GNR Somersault signal

Signal boxes of the

Early signalling on the Midland Railway had been basic; although the company invented an interlocked lever frame in the late 1860s which was such a successful design that it, with technical improvements over the years, continued to be manufactured through to the 1960s.

Block working was established around the company's large network from 1869, resulting in a large number of boxes being erected at that time. Most of these had been replaced within thirty years as the standards of signalling were upgraded, requiring larger lever frames, but they set standards of architecture that lasted through the remaining 54 years of the company's existence. Almost all were built entirely in timber, allowing speedy erection from pre-fabricated parts - many of which would be re-used if a box had a short life. Many of these boxes survive in use today.

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Whittington Road Crossing

The first boxes of the Midland Railway appeared around 1870. Distinctive features, which were retained throughout the existence of the company, were a hipped roof and particularly the window sections with chamfers in the framework at the top. Early boxes normally featured two finials on the tips of the roof, but this example is exactly square in plan and thus only needs one. Vertical timbering was provided from operating floor level upwards and, although this example has no lower floor to demonstrate this, weatherboarding below.

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A similar-sized box of the same type, but slightly elevated above ground level.

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Upper HollowayPage includes views of lever framePage includes views of signals and other outdoor equipment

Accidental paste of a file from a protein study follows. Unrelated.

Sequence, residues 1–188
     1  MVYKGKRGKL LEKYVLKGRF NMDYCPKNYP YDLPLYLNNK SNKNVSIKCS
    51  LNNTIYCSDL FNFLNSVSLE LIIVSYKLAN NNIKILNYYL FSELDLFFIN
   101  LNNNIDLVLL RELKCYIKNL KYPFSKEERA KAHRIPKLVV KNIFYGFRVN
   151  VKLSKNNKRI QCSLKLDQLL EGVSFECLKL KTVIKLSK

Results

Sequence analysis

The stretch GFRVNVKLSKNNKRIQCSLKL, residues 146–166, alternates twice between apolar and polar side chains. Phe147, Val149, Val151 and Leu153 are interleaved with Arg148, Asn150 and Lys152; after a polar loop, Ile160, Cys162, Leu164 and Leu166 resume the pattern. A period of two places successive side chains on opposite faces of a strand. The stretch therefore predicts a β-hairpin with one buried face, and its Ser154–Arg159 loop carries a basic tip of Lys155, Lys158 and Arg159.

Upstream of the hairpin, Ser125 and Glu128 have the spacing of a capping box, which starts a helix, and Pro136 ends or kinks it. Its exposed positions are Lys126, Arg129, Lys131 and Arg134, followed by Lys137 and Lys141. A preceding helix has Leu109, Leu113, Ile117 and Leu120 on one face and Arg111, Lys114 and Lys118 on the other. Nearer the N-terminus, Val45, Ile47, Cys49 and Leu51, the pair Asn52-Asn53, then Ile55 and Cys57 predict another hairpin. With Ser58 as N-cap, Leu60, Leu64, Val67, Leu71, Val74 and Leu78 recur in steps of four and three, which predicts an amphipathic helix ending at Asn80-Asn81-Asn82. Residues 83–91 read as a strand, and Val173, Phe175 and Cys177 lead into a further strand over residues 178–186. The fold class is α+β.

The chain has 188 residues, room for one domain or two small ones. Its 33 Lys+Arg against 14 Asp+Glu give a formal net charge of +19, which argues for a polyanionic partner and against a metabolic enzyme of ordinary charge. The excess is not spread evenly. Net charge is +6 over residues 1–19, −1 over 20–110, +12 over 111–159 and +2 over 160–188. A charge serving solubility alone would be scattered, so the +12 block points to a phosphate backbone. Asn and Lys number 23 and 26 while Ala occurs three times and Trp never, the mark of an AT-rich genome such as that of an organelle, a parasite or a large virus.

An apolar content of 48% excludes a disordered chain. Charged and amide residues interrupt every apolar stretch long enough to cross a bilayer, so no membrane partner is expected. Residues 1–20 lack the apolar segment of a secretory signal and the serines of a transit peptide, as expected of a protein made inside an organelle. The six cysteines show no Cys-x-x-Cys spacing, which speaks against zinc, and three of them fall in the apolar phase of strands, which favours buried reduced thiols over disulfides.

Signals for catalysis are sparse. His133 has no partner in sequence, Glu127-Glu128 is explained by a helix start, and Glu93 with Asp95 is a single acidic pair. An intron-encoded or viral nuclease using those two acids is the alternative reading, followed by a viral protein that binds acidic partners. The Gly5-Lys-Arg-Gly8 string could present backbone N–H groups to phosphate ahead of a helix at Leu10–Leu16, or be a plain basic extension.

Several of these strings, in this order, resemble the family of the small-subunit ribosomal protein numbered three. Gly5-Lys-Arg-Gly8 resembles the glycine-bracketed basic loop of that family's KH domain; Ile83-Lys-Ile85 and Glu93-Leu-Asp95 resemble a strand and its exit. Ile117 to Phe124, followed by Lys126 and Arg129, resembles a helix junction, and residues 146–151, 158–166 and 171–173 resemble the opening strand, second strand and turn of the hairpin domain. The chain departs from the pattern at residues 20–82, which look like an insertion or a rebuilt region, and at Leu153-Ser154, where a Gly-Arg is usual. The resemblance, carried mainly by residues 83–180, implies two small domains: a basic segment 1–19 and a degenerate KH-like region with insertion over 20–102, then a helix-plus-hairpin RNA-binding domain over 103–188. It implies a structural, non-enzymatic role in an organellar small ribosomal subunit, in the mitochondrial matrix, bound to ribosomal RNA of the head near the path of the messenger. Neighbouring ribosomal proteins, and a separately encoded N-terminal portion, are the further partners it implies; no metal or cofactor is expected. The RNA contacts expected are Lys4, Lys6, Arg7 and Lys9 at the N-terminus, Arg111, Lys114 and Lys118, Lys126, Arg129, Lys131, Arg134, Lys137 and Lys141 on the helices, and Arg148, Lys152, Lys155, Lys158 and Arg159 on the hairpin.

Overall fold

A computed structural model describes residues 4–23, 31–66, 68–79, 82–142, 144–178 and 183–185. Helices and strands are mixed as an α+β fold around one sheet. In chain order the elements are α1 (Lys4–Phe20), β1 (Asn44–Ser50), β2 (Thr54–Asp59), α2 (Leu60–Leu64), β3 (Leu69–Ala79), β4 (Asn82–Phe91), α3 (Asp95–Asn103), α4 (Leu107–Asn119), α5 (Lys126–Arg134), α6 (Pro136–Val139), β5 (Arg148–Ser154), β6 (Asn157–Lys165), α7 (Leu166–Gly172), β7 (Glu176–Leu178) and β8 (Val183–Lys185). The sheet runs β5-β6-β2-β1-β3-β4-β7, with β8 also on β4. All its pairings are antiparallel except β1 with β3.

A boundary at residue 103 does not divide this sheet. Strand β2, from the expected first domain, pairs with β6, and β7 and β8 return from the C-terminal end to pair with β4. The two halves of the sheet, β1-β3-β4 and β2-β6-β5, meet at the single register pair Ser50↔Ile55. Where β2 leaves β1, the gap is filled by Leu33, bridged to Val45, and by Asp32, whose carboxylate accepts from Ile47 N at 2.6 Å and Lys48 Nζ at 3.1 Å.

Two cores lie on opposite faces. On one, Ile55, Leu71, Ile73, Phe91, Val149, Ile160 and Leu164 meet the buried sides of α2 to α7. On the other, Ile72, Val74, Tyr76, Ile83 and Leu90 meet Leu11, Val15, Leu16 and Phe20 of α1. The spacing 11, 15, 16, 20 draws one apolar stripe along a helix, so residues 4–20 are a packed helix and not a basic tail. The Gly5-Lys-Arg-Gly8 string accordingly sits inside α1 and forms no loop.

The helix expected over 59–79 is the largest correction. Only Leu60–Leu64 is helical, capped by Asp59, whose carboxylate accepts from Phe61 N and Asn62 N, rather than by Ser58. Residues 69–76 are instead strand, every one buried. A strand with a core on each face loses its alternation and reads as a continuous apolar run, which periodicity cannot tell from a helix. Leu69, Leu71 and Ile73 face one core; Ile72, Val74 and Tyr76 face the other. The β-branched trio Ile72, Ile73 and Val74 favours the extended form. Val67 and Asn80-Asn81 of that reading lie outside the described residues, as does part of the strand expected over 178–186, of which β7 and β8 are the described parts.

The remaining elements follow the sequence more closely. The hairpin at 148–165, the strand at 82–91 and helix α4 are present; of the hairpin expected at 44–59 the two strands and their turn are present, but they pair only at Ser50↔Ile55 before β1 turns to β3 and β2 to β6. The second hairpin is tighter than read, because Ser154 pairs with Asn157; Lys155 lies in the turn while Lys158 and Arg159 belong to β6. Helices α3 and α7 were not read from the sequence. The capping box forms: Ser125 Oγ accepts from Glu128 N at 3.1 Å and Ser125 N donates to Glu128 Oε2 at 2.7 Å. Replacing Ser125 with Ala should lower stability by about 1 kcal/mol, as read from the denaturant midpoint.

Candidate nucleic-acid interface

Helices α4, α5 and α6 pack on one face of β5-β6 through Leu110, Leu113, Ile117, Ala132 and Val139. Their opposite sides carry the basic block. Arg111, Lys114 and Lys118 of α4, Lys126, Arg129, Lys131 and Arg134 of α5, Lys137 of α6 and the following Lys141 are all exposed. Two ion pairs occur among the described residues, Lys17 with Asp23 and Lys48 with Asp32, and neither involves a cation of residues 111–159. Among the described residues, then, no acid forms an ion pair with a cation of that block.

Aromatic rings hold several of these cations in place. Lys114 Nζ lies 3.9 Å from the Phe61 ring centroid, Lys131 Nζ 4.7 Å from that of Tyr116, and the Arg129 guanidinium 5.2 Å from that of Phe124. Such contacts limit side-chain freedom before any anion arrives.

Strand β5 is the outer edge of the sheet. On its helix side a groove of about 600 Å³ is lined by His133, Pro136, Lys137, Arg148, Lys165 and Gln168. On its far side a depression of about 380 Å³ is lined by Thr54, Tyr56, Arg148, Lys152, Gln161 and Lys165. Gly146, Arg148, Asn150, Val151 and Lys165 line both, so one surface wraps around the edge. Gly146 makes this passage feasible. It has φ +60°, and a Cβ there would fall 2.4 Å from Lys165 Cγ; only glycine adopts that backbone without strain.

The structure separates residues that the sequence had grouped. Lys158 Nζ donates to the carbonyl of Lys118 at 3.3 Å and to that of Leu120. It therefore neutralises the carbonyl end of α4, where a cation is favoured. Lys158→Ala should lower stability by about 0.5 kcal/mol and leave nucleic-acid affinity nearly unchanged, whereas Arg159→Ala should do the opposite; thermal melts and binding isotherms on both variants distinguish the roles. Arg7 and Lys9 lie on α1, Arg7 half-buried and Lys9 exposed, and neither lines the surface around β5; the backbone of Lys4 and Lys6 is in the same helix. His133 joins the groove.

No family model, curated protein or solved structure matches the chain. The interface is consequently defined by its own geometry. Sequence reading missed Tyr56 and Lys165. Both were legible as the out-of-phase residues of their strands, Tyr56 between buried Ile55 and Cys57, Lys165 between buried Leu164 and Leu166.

From 1884, the windows in the front wall were extended downwards to allow the signalman a better view of the pointwork immediately in front of his signal box. Many boxes of this type were built during during the period through to 1901.

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BolsoverPage includes views of lever framePage includes close-up views of lever badges

A box of the same design, but built to a lower height than typical.

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St Albans SouthPage includes views of lever frame

Taller boxes were built, too, in this case to command a better view of the four-track main line controlled by the box. This example was extended during the 1950's to accommodate a larger lever frame which, in the event, was never fitted.

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West HampsteadPage includes views of lever framePage includes close-up views if signalling instruments and equipmentPage includes close-up views of box diagramPage includes views of signals and other outdoor equipment

The window arrangement changed again from 1900 to include taller windows in the end walls as well as at the front. On the larger boxes, the bottom four panes of each window section were combined to become one large pice of plate glass.

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Upper Portland Sidings

Smaller boxes of the 1900 pattern retained the small panes of glass. This may indicate the reuse of parts from dismantled cabins as the Midland Railway liked to recycle.

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NapsburyPage includes views of lever framePage includes views of signals and other outdoor equipment

Another 1900-pattern box with the small-size panes. After 1906, lapped boarding was used in place of weatherboarding. Boxes of this type were built through to 1928, although finials were not provided after 1917.

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Ilkley Junction

From 1908, another change of glazing design reduced the number of panes in each window section to two, although again this arrangement was only applied in larger boxes. The chamfered top corners were still retained. This example oversails from a narrow base owing to the limited space available. This design was discontinued in 1915, but returned in 1917 without finials on the roof.

The Midland railway became part of the London, Midland & Scottish in 1923.